Varroa mite incursion detected in NSW
The NSW Government is urging beekeepers across the state to safeguard their industry after biosecurity surveillance detected Varroa mite in hives at the Port of Newcastle.
NSW Agriculture Minister Dugald Saunders says swift measures are being taken to contain the disease, which is the most serious pest for honey bees worldwide.
“We have immediately launched an eradication plan which involved setting up a biosecurity zone, containing the infected hives and euthanising the bees,” Mr Saunders said.
“Australia is the only major honey producing country free from Varroa mite and if it has the chance to establish here, it could cost the honey industry more than $70 million a year.
The Biosecurity Zone covers an area within a 50 kilometre radius of the Port of Newcastle. Beekeepers within this zone must not move or tamper with their hives.
They must also notify the NSW Department of Primary Industries with the location of all of their hives.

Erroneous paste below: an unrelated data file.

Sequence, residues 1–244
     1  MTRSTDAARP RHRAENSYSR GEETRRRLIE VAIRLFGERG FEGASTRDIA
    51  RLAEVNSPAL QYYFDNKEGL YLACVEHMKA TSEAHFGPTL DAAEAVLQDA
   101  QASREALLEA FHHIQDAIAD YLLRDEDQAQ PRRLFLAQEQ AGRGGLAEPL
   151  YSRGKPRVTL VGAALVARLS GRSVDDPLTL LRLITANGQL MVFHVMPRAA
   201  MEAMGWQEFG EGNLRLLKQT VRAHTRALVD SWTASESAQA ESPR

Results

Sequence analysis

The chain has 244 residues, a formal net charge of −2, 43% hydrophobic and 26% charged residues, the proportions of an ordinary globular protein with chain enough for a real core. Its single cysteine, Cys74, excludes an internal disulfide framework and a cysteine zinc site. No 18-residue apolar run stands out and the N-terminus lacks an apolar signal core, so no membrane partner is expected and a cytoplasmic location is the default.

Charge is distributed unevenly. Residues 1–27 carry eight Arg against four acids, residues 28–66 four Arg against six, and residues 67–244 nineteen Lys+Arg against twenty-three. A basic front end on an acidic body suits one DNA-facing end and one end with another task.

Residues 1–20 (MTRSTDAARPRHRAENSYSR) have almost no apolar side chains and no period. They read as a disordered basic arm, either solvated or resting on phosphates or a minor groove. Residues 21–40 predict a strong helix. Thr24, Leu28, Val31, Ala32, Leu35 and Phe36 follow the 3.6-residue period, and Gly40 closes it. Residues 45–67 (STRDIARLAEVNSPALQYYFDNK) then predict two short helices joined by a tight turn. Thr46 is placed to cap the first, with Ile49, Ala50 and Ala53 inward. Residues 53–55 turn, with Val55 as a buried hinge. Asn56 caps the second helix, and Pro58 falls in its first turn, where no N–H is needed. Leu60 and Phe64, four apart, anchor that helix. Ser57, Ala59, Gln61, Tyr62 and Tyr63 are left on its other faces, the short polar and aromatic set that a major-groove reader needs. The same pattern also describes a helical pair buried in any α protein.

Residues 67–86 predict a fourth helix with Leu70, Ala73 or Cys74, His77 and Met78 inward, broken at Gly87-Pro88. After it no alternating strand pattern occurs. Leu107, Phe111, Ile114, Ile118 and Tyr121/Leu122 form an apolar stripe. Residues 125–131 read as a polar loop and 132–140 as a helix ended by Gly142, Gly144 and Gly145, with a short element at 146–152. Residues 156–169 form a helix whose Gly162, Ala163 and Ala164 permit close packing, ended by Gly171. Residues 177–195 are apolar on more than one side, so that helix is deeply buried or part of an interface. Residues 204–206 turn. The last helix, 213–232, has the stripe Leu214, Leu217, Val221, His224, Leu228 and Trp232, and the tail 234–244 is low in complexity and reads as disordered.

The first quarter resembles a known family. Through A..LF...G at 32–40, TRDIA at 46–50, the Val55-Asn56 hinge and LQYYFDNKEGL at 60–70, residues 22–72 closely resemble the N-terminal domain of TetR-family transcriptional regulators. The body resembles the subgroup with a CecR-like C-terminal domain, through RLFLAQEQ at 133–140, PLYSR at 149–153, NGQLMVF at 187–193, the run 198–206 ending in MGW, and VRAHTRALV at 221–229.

“Biosecurity is one of my top priorities and beekeepers have been working with the Government through the National Bee Pest Surveillance Program to act as an early warning system,” Mr Saunders said.
“If it weren’t for their diligence in monitoring hives and catch boxes at strategic locations around our ports and airports, this threat may have gone undetected.”
The mites are tiny reddish-brown parasites and are easily identifiable to the naked eye.
If you have bee hives located within the biosecurity zone please notify DPI of their location by calling 1800 084 881 or completing this form.
For more information visit: dpi.nsw.gov.au/varroa